Giving the Norwegian Duolingo course a try.
This book is a great resource!
I would have agreed that it’s Mandarin, but I think his opinion holds a little more weight!
This was a really interesting podcast episode that explores a group of interpreters who are striving to put more emotion into the message that they are delivering, as opposed to the typical ‘truncation’ that happens through interpretation. If the person speaking chooses to swear, or yell— shouldn’t you be including that as part of the interpretation?
The podcast includes a clip from an English/Portuguese interpreter working with a motivational speaker in Brazil. Really cool to see how both the speaker and interpreter are working together to engage the audience– definitely worth checking out!
Renato Beninatto speaks with Maria Paula Carvalho, a conference interpreter and translator, on a new concept called “interpretainment.” With interpretainment, the interpreter tries to mimic the speaker’s tone and gestures, in addition to translating the content. […] Why interpretainers must surrender to the speaker’s emotions—laugh, cry, shout, dance, whatever is needed to achieve the intended impact.
“So how did he get to the point where he works all day in English, and routinely has to present some pretty hard-to-explain ideas in English? Language learners take note.
“Shadowing, but shadowing in real life,” Ushigome says. “As we speak to each other in my mind I repeat what you say, sometimes I would even say out loud what the other speaker said, which must have been supercreepy, but it was really effective.”
One other aid that really helped Ushigome — probably more than just with language, but also with culture and fitting in — was binge-watching on British comedy. A friend and colleague recommended him to watch “Peep Show,” a long-running sitcom on Channel 4 in Britain.
But Ushigome is likely to have watched Peep Show like no one else.
“Every episode I watched three times: First, just as it was, the second time with subtitles and the third time I stopped every time there was a punch line.”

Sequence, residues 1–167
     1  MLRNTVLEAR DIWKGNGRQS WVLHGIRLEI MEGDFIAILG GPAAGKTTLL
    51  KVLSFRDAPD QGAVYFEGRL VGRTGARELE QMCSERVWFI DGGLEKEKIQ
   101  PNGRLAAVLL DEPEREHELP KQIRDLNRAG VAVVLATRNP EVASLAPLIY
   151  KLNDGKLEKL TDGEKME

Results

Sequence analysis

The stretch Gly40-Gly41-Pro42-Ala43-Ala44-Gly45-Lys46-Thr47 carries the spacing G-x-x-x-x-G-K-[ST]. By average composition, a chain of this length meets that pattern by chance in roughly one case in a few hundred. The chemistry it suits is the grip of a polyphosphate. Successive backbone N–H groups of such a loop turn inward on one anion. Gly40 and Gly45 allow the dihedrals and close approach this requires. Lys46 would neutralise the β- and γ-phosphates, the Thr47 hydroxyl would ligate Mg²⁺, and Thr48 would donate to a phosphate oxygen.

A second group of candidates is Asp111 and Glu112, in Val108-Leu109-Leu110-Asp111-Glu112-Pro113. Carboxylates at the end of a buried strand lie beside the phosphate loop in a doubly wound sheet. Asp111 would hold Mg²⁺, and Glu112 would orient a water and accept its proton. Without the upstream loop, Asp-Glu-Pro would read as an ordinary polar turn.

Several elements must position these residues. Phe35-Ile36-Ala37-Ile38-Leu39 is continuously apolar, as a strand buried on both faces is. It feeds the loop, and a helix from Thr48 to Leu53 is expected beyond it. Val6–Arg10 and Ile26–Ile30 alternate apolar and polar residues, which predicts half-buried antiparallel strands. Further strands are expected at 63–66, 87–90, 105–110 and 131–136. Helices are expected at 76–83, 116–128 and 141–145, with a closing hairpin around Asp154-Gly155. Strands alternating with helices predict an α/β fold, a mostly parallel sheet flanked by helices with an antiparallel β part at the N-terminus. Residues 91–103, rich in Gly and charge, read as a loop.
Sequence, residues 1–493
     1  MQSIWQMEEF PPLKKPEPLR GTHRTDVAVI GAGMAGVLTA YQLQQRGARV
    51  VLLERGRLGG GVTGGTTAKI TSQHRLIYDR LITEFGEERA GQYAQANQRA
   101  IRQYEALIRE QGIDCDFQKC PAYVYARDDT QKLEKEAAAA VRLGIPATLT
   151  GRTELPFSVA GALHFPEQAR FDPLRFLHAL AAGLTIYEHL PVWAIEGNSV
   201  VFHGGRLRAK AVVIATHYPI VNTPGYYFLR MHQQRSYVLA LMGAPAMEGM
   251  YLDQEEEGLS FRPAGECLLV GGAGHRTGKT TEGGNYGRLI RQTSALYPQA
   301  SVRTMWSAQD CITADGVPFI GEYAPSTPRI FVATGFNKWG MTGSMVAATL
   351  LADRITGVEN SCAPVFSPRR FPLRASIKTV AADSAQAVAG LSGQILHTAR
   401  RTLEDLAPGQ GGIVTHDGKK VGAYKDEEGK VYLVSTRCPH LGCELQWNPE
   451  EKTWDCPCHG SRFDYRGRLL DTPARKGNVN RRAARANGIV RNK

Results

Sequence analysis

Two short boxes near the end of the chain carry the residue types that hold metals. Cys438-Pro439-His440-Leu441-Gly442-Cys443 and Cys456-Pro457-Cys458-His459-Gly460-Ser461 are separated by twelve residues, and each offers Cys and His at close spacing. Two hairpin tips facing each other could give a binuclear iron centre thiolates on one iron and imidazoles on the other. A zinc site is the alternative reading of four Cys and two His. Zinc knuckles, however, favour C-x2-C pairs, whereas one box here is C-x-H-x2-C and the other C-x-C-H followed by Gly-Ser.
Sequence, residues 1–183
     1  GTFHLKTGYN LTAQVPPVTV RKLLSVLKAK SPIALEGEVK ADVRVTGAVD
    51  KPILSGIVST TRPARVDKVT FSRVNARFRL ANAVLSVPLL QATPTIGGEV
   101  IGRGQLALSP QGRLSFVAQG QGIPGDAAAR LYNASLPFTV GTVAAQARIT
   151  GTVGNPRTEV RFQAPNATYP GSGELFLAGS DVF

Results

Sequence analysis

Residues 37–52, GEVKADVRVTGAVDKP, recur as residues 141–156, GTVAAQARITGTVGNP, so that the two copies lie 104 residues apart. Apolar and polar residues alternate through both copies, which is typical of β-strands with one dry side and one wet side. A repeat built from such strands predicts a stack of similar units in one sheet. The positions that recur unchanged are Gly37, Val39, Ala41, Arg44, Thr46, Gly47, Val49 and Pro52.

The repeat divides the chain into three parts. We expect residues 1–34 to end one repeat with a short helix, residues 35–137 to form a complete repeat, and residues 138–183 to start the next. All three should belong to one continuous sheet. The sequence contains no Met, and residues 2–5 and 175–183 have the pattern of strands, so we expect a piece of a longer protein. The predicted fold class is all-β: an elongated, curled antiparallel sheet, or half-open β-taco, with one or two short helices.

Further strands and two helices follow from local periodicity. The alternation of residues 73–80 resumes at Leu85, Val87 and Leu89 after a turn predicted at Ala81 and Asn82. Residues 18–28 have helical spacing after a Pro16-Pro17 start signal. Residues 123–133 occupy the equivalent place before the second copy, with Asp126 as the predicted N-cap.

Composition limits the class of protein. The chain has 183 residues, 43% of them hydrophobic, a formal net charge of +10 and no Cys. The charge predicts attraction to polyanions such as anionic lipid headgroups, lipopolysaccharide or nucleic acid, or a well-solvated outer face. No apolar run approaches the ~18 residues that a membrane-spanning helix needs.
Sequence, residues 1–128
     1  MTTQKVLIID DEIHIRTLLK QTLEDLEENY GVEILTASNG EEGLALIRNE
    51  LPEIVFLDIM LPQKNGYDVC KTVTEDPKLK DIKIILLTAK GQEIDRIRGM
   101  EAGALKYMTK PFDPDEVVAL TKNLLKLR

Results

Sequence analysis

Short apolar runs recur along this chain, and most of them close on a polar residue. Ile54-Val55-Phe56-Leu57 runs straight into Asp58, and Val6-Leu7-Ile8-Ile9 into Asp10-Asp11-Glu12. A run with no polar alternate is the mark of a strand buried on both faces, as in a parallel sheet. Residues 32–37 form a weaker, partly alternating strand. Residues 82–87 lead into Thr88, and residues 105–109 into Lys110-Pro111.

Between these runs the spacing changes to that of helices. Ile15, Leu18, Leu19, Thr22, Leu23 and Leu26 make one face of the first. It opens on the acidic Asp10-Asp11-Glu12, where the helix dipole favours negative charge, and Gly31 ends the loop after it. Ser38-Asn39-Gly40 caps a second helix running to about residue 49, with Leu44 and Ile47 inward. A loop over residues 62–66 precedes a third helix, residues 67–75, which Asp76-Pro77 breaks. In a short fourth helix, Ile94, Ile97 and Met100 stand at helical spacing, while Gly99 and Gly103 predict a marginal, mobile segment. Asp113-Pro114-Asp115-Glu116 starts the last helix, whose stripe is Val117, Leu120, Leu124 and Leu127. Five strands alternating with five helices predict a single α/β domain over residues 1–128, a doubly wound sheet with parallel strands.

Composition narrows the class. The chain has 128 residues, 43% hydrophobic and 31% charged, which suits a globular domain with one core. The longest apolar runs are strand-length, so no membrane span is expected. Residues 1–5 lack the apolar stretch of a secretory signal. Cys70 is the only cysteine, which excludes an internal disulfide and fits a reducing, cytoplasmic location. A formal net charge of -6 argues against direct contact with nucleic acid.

What he did next is funny if you picture Ushigome in his flat in London pressing pause and play: “I Googled why it’s funny.” He had to do this every other minute, and admits that jokes delivered via Google were not funny, but he was taking note of every new word and phrase as well as shadowing throughout.”
Another great video by Yuta—- he’s quite transparent in the fact that these aren’t ‘hand picked’ interviews; he tries to get strangers on the street to answer his questions about Japanese language and culture. This one puts ordinary Japanese people on the spot with reading some tricky Kanji.
Duolingo Japaneseって、Big Newsですね！
If you’re unfamiliar with Duolingo, it’s definitely worth checking out; it’s a really clever platform that, at the upper levels, actually turns the community of learners into a crowdsourced translation powerhouse. The app can be downloaded from itunes for free and, to my knowledge, doesn’t ever ask learners to purchase anything.
They have been offering courses for learning a few languages and slowly adding to the list, but they’ve just announced that they’re moving forward with Japanese as a target language for speakers of English. There’s a great article about the project on the Duolingo website, and I also saw a nice write-up by the Japan Times.
I just watched a recent episode of 锵锵三人行（Behind the Headlines with Wentao), featuring 徐晓冬 (Xu Xiaodong–right side of picture above), the Chinese MMA fighter who challenged Tai Chi master 雷公 to a fight last week, and beat him in something like 10 or 15 seconds. Here’s the clip if you ever wondered how this kind of cross-discipline rumble might play out:
Since then, everyone seems to have an opinion on what happened. I’m not really much of a follower of MMA at all, but Xu Xiaodong seems to have a talent as both an MMA fighter as well as a confident “talker”. The result is some truly epic internet clips like this one (I want to see the non-beeped out version!):